14 Feb 2023
 | 14 Feb 2023
Status: this preprint is open for discussion.

How Does Cloud-Radiative Heating over the North Atlantic Change with Grid Spacing, Convective Parameterization, and Microphysics Scheme?

Sylvia Sullivan, Behrooz Keshtgar, Nicole Albern, Elzina Bala, Christoph Braun, Anubhav Choudhary, Johannes Hörner, Hilke Lentink, Georgios Papavasileiou, and Aiko Voigt

Abstract. Cloud-radiative heating (CRH) within the atmosphere and its changes with warming affect the large-scale atmospheric wind patterns in a myriad of ways, such that reliable predictions and projections of circulation require reliable calculations of CRH. In order to assess sensitivities of upper-tropospheric midlatitude CRH to model settings, we perform a series of simulations with the Icosahedral Nonhydrostatic Model (ICON) over the North Atlantic using six different grid spacings, parameterized and explicit convection, and one- versus two-moment cloud microphysics. While sensitivity to grid spacing is limited, CRH profiles change dramatically with microphysics and convection schemes. These dependencies are interpreted via decomposition into cloud classes and examination of cloud properties and cloud-controlling factors within these different classes. We trace the model dependencies back to differences in the mass mixing ratios and number concentrations of cloud ice and snow, as well as vertical velocities. Which frozen species are radiatively active and the coupling of microphysics and convection schemes turn out to be crucial factors in altering the modeled CRH profiles.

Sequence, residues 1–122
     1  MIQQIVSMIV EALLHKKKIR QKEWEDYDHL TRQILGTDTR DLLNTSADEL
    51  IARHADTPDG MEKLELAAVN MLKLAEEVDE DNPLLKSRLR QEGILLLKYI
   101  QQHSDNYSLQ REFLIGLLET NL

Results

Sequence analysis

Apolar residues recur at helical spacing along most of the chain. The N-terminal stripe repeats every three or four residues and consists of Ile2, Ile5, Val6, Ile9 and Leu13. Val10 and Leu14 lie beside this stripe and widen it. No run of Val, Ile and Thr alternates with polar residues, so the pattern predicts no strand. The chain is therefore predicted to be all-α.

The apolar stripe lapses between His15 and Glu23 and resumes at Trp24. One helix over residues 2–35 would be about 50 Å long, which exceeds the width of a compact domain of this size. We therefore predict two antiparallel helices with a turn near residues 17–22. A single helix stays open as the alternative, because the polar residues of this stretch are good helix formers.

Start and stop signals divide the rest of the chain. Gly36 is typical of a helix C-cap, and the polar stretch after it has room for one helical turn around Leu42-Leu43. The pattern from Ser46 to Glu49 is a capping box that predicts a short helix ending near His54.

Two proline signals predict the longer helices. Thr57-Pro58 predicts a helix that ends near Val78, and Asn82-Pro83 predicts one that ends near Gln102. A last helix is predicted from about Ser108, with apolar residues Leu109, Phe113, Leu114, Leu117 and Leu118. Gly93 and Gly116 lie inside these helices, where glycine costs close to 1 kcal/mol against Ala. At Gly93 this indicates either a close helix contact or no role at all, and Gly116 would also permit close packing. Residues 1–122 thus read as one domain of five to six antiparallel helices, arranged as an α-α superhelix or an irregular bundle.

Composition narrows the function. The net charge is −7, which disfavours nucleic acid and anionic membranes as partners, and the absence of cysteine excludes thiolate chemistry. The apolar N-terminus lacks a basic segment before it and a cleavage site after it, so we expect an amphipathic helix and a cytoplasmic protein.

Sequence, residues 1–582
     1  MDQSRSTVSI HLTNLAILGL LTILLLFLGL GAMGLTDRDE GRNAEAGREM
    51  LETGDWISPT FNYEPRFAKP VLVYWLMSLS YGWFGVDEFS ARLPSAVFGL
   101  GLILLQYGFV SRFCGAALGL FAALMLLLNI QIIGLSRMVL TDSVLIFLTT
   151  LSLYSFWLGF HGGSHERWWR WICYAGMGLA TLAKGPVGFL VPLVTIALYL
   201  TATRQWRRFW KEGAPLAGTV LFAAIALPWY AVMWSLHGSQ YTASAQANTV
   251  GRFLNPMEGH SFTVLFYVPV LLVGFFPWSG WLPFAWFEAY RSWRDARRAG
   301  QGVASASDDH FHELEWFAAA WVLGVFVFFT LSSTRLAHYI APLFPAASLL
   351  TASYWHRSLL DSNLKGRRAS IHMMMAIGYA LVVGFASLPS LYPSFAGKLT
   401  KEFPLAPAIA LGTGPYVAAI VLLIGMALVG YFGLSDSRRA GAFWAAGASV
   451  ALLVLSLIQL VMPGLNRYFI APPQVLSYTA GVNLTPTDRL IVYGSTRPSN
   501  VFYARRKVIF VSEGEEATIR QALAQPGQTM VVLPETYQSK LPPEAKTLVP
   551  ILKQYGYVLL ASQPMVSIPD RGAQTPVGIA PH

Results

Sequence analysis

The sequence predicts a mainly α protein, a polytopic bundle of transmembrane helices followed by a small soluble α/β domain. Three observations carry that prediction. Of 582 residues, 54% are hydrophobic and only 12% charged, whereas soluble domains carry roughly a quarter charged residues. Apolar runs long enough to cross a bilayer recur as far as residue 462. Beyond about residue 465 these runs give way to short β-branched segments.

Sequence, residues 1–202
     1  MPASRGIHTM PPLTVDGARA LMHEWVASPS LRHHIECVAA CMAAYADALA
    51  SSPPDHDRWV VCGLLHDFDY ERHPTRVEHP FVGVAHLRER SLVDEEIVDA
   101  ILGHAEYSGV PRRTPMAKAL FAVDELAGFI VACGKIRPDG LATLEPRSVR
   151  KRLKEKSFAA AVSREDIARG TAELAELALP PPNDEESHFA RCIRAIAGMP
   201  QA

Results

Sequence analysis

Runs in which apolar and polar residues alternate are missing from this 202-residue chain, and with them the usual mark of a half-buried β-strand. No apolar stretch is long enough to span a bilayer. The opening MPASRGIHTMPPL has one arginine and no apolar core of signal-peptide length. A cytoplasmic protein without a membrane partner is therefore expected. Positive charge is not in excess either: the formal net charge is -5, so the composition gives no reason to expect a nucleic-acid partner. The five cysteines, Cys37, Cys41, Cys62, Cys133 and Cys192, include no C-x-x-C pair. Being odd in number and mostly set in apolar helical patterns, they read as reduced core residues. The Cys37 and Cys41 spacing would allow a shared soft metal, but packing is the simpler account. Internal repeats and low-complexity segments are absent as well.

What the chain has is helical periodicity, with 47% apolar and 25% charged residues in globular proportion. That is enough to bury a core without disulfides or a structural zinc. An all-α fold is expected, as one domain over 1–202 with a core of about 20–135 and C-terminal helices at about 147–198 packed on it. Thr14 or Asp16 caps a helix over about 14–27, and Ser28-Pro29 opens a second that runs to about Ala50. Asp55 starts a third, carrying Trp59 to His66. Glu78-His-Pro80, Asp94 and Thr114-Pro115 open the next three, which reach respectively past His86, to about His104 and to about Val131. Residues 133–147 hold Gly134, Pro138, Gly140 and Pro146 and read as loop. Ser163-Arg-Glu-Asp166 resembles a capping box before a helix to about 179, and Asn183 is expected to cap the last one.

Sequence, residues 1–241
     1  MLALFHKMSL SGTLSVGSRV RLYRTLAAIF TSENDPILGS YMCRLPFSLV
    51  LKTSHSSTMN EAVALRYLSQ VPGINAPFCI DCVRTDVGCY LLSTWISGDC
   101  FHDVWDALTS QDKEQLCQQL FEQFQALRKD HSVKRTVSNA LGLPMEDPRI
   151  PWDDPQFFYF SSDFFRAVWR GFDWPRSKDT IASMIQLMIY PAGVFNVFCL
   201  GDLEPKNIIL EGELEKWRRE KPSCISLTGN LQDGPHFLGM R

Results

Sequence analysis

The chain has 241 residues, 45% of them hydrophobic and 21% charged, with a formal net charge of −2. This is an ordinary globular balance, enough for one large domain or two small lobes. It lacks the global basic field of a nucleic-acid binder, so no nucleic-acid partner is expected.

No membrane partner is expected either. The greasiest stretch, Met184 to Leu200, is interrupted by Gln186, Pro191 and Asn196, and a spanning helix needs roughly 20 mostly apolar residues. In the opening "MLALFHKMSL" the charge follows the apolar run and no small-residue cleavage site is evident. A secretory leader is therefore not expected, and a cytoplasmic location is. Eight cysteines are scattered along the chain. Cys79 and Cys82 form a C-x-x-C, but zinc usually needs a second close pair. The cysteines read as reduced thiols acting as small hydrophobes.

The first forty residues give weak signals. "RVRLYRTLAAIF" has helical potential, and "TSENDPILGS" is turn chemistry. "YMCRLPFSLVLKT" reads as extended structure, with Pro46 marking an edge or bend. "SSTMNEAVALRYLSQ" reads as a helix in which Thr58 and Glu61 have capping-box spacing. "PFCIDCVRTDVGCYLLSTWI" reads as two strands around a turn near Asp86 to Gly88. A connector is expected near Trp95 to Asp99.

Sylvia Sullivan et al.

Status: open (until 25 Apr 2023)

Comment types: AC – author | RC – referee | CC – community | EC – editor | CEC – chief editor | : Report abuse
  • RC1: 'Reviewer comment on egusphere-2023-109', Anonymous Referee #1, 22 Feb 2023 reply
  • CEC1: 'Comment on egusphere-2023-109', Astrid Kerkweg, 14 Mar 2023 reply
  • RC2: 'Comment on egusphere-2023-109', Anonymous Referee #2, 22 Mar 2023 reply

Sylvia Sullivan et al.

Data sets

Model Dependencies of Cloud-Radiative Heating over the North Atlantic [postprocessed dataset] Sylvia Sullivan, Aiko Voigt, Nicole Albern, Elzina Bala, Christoph Braun, Anubhav Choudhary, Johannes Hörner, Behrooz Keshtgar, Hilke Lentink, and Georgios Papavasileiou

Sylvia Sullivan et al.


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Short summary
Clouds absorb and reemit infrared radiation from Earth's surface and absorb and reflect incoming solar radiation. As a result, they change atmospheric temperature gradients that drive large-scale circulation. To better simulate this circulation, we study how the radiative heating and cooling from clouds depends on model settings like grid spacing, whether we describe convection approximately or exactly, and the level of detail used to describe small-scale processes, or microphysics, in clouds.